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“ Tears and entreaties, which I regarded as hypocrisy, were at first bestowed on me; but after sacredly pledging my word, that I would, at the death of my mother, do her that justice which, while she was living, I could not, without incurring her implacable resentment, the innocent Florence became the victim of my duplicity.
“I will not dwell on a narrative so fraught with horror; the conse. quences attendant upon this crime, soon made known to Florence her distressing situation. She entreated, she implored, she hung upon me, and wept over me, to restore her to the world, before she became disgraced and abandoned, Could I then suffer a feeling of doubt to enter my mind? Yet actuated by the most agonizing, though unfounded, suspicion, I re. fused, and for a while forsook her.
“ But the day of retribution drew near; her situation could no longer be concealed ; and as she had then become a thing dishonoured, and contaminated with infamy, she was pitilessly turned from the only roof she could call her own, to perish and to die.
“ A spark of feeling yet haunted my breast,--aye, and one of affection too (although I had endeavoured in vain to suppress it), when I saw the wretched effects of my crime, whose victim was suddenly overtaken with its most agonizing consequences. At this awful crisis, reason began to exert her influence over me, and I trembled for the past, with a strong determination for the future. It was at last over: we became parents : but no faces of joy were ready to salute us, Florence's eyes were directed, with a look of resignation, towards heaven, as if in joyful hope of its forgiveness, Could I then entertain a doubtful feeling of her innocence. No: it once more illumined her face, but it was the last time: her spirit already seemed mingling with something of a purer nature. She addressed me in terms so sad, yet so forgiving, they still linger in my ear, and vibrate in my heart. She knew, she said, that I had doubted, but deemed it right, in resigning her last breath into the hands of the Almighty Giver, to declare, that she had ever loved me alone, beyond any thing else upon earth, and that her greatest offence had consisted in sa crificing all that was amiable in her nature for my happiness. Her countenance assumed a look that told her soul was lost in the contemplation of something above earth; then suddenly casting her eyes towards me, with a look fraught with tenderness and forgiveness, exclaiming, Husband, remember thou art a father,' her injured spirit left its earthly abode.
“ Husband ! father! one moment,-but bereft of wife and child the next. The ill-fated fruit of frailty breathed its last, almost with its first gasp of breath.-gazed on those eyes, which once looked up with so much affection to mine, now glazed, fixed, and insensible.--I fung myself franticly on the bosom that sacrificed its peace for my happinessI kissed again and again the cold lips that once breathed with such fondness my name. I called myself her murderer-I felt that I was such."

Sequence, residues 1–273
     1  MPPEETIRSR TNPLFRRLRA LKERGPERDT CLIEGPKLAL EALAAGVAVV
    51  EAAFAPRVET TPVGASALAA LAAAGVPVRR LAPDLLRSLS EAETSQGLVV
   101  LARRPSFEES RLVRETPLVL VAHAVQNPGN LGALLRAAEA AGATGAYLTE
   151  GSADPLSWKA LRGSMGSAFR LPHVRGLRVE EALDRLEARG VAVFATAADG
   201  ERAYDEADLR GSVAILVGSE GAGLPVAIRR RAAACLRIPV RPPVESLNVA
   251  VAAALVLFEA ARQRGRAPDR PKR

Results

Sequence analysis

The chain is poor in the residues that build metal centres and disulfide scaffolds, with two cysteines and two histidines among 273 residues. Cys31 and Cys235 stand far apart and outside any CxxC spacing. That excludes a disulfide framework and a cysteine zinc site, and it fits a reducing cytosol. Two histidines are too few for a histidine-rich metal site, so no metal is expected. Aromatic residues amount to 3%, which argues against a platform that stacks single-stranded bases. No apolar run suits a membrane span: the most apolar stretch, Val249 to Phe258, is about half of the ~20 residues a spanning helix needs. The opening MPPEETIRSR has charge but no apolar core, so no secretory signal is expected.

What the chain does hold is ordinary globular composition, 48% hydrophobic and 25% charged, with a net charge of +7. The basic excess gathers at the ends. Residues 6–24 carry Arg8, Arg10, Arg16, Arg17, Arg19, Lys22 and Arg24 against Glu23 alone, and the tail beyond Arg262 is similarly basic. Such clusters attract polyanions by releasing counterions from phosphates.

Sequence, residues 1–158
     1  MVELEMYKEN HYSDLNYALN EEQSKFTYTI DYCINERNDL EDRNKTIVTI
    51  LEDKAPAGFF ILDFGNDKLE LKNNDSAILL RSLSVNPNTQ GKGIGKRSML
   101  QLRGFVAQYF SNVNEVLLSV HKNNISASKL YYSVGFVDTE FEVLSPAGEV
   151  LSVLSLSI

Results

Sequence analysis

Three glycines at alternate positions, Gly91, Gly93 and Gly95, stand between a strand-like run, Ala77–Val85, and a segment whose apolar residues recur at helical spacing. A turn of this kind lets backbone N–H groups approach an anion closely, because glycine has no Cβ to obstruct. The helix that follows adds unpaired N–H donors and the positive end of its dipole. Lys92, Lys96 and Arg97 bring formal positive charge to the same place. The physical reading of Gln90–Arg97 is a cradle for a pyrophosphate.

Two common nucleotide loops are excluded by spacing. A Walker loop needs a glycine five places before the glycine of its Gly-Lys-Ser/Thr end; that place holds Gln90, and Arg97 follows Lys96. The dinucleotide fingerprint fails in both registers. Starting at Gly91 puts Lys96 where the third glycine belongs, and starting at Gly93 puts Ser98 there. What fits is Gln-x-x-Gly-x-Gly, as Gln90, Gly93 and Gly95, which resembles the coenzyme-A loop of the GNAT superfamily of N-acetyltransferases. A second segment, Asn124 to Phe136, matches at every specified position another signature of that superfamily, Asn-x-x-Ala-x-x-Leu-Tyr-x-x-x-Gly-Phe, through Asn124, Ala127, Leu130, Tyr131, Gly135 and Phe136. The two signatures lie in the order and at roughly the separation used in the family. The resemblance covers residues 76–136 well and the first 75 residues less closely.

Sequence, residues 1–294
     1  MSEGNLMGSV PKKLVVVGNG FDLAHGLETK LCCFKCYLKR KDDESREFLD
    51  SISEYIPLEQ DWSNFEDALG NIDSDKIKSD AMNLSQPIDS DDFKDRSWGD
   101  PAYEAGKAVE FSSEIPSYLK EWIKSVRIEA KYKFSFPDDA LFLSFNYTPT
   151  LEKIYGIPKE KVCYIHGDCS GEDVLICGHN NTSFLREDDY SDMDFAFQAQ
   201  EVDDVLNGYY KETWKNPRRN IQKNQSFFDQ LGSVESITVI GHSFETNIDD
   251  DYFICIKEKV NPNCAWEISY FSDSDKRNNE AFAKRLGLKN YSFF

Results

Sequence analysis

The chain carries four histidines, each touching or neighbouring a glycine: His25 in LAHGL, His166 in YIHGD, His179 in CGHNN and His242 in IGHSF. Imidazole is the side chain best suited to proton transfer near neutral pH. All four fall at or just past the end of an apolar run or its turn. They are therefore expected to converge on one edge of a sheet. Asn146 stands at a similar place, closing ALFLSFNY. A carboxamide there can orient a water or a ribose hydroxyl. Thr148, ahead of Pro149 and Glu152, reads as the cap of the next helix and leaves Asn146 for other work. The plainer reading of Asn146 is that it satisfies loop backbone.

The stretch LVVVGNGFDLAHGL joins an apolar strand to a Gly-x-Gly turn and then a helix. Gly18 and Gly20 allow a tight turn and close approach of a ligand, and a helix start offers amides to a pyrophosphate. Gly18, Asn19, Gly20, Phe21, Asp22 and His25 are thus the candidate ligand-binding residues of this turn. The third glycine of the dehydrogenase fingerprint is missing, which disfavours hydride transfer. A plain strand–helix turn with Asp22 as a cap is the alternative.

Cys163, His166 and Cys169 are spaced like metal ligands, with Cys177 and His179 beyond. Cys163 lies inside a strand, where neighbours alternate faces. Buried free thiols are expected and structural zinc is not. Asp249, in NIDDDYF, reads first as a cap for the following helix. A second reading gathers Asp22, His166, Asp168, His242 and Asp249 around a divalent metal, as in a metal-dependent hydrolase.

He uttered these words with an appalling vehemence, and then fell exhausted on his knees, covering his face with his hands. I heard the deep sobs burst from his breast, and his whole frame seemed convulsed with agony, He shortly after rushed from his cell, and I never saw him again,
ANCIENT AND MODERN TRAGEDY. DARKNESS and obscurity involve the earlier history of the drama. Tragedy, as its name'implies, derived its origin from the celebration of an Attic festival, where a goat or skin of wine was adjudged to the best poetical ode; Horace alludes to this custom in the words
Vilem certavit ob hircum. Dramatic representations were first introduced by Thespis, whose humble stage was a waggon, and whose performance consisted of a rude, inelegant representation of some trifling subject: he and his successors, Epigenes, Phrynichus, and Chærilus, may, with propriety, be styled “the inventors of the drama;' but to Æschylus alone belongs the title of Father of Tragedy,'tragedy in its noblest sense-moral, sublime, pathetic. Æschylus flourished 01. lxx. 1. about 500 years B. C. Public theatres were then first erected,—the actors were clothed in elegant and appropriate dresses,—while admiring crowds flocked to the novel spectacle. Sophocles carried the improvements of Æschylus to a still greater extent: he increased the chorus, and the number of the performers; and, under his management, the ancient drama arrived at its highest pitch of excellence.
In considering the respective merits of the three Greek tragedians,to Æschylus we may justly assign sublimity of thought, boldness of expression, strength of imagery, and richness of poetry :
Tragædias primum in lucem Æschylus protulit, et sublimis, et gravis, et grandiloquus, sæpe usque ad vitium. (Quint. x. 1.) To Sophocles belong harmony, elegance, and variety, with much force; or, to use the words of an anonymous author of his life,
ευκαιρίαν, γλυκύτητα, τολμάν, ποικιλίαν. To Euripides may be ascribed beautiful simplicity, the moral and pathetic.